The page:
I didn’t see anyone with the car immediately, but then when I looked closer I saw a young African-American man sitting on a bench in my neighbor’s back yard. We have a small, close-knit neighborhood and so I immediately recognized him as someone I didn’t recognize.

At this point, the Samaritan in Jesus’ story would have identified the stranger on the bench as a person in trouble… a person with a problem that he himself was not able to solve.

The Samaritan would then have abandoned all concerns except the concern for figuring out the exact nature of the young man’s problem and what he could do to help solve it.

And what was I doing? I was peering out my front door periodically to see if the car had been moved yet, wondering if someone was on the way to pick up the young man, speculating on how the white car got there in the first place, and hoping to heck it would be gone by the time I had to leave for work the next day. That is… my important ceremonial religious work.

In terms of my actions, I was huddling safely in my home doing NOTHING. In baseball parlance, I had come up to the plate and utterly whiffed.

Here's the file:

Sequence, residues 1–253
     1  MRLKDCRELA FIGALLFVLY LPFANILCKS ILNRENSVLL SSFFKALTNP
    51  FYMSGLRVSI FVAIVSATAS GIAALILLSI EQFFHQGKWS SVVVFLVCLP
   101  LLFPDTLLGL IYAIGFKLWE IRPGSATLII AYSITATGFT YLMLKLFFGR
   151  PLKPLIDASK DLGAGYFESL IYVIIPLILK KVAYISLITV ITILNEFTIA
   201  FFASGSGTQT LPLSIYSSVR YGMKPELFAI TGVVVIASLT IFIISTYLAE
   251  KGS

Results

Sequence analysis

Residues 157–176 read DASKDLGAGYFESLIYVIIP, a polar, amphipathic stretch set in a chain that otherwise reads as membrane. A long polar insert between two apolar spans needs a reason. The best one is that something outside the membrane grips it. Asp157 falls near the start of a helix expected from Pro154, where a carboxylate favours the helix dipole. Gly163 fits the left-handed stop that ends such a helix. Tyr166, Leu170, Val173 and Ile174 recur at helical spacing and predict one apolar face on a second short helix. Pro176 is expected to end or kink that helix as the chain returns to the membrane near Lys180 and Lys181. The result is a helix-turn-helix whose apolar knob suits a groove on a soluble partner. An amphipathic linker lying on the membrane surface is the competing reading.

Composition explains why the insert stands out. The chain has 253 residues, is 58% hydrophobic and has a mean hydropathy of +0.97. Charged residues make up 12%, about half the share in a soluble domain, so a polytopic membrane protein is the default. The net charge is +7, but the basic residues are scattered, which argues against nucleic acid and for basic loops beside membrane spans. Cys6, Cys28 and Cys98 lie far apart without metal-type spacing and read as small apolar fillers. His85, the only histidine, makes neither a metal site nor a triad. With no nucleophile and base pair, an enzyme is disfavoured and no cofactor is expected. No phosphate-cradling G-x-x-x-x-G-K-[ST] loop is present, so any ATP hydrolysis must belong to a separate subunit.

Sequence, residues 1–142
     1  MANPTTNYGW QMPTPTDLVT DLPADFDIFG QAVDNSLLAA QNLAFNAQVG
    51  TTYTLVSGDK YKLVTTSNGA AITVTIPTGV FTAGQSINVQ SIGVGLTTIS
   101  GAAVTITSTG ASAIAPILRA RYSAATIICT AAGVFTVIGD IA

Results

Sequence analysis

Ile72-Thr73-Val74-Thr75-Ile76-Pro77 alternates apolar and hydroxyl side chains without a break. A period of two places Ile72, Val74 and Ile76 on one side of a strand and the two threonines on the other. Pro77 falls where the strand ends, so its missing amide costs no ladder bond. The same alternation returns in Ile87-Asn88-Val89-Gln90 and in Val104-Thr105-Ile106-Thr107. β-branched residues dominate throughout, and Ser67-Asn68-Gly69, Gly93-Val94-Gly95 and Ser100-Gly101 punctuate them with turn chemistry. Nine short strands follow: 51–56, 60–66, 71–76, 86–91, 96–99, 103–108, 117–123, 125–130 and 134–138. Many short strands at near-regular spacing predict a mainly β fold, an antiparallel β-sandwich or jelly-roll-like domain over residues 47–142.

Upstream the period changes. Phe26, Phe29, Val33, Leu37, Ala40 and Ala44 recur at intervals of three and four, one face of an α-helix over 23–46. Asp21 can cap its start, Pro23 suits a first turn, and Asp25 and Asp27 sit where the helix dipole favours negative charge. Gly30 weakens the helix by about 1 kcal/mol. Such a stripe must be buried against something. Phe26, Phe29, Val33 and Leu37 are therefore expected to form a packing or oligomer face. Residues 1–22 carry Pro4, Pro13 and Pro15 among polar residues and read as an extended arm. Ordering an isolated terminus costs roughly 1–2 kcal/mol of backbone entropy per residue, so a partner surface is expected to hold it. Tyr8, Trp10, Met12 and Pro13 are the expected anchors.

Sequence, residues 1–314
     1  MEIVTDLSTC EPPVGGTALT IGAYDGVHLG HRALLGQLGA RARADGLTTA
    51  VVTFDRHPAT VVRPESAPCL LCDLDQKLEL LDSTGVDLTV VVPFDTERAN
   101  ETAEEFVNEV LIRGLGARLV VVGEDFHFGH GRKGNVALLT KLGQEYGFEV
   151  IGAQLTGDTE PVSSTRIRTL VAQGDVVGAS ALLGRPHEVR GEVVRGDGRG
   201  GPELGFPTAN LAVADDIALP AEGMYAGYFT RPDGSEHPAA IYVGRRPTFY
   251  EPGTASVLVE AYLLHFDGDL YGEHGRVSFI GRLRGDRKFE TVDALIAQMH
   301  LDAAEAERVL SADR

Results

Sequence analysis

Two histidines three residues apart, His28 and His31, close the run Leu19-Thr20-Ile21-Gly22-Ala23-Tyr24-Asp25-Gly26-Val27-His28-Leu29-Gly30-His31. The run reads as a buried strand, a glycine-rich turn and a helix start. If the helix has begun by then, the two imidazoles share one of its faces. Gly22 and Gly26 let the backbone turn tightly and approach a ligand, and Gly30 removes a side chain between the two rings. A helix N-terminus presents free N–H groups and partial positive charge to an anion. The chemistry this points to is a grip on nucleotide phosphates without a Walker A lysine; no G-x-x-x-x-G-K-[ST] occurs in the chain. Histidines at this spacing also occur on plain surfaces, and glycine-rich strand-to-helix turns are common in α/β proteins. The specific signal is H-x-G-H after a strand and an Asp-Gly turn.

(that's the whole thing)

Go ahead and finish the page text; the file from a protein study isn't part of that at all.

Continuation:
I’ve noticed that sometimes in life when I whiff, I pull out the phrase “easier said than done” to excuse my whiffing. It is a verbal device I use to excuse myself from engaging in risky or complex ethical action.

Do you ever do this?

It is a way of granting myself a kind of cheap grace. The use of the “easier said than done” phrase suggests that KNOWING the right thing is very nearly as good as actually DOING it. It conveniently ignores the truth posited by the writer of the book of James when he said, “So faith by itself, if it has no works, is dead.” (James 2:17, NRSV)

Who knows what the situation was with the young man and the white car? Who knows what I could have done to help? Who knows what the outcome might have been had I walked over and tried to help?

Who knows indeed? But what I do know is this: I could have done something and I chose not to.

Today I am praying for forgiveness. I am praying for courage to match my convictions. I am praying that I will be granted the chance to come to the plate again soon and not whiff.

And I am praying that the young man in the white car is OK. But I know that if he is, it is no thanks to me.

Abundant blessings to you!


Things Fall Apart


Things fall apart.

Besides being the title of the epic 1958 novel written by Nigerian author Chinua Achebe, this statement is one of those pesky immutable truths about life.

“Fallingapartness” just seems to be a characteristic that is hard-wired into the way things are.

If you’re a thing – even an exquisitely well-designed and well-built thing – you WILL fall apart at some point down the road.